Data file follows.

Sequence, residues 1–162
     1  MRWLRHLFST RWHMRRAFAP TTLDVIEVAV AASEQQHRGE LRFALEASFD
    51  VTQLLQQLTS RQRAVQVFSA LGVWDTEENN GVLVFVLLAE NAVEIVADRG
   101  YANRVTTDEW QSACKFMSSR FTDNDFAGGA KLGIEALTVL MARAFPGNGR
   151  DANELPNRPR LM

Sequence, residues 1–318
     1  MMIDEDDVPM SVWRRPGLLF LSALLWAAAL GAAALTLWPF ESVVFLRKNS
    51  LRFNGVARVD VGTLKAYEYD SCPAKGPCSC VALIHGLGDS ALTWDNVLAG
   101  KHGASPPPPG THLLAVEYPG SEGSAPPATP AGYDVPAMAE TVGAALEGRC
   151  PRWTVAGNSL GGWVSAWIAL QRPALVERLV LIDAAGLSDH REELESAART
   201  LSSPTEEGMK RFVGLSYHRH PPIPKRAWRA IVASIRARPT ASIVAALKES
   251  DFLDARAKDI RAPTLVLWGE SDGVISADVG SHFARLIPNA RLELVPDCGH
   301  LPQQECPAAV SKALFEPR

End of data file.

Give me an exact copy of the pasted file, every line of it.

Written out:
Sequence, residues 1–162
     1  MRWLRHLFST RWHMRRAFAP TTLDVIEVAV AASEQQHRGE LRFALEASFD
    51  VTQLLQQLTS RQRAVQVFSA LGVWDTEENN GVLVFVLLAE NAVEIVADRG
   101  YANRVTTDEW QSACKFMSSR FTDNDFAGGA KLGIEALTVL MARAFPGNGR
   151  DANELPNRPR LM

Sequence, residues 1–318
     1  MMIDEDDVPM SVWRRPGLLF LSALLWAAAL GAAALTLWPF ESVVFLRKNS
    51  LRFNGVARVD VGTLKAYEYD SCPAKGPCSC VALIHGLGDS ALTWDNVLAG
   101  KHGASPPPPG THLLAVEYPG SEGSAPPATP AGYDVPAMAE TVGAALEGRC
   151  PRWTVAGNSL GGWVSAWIAL QRPALVERLV LIDAAGLSDH REELESAART
   201  LSSPTEEGMK RFVGLSYHRH PPIPKRAWRA IVASIRARPT ASIVAALKES
   251  DFLDARAKDI RAPTLVLWGE SDGVISADVG SHFARLIPNA RLELVPDCGH
   301  LPQQECPAAV SKALFEPR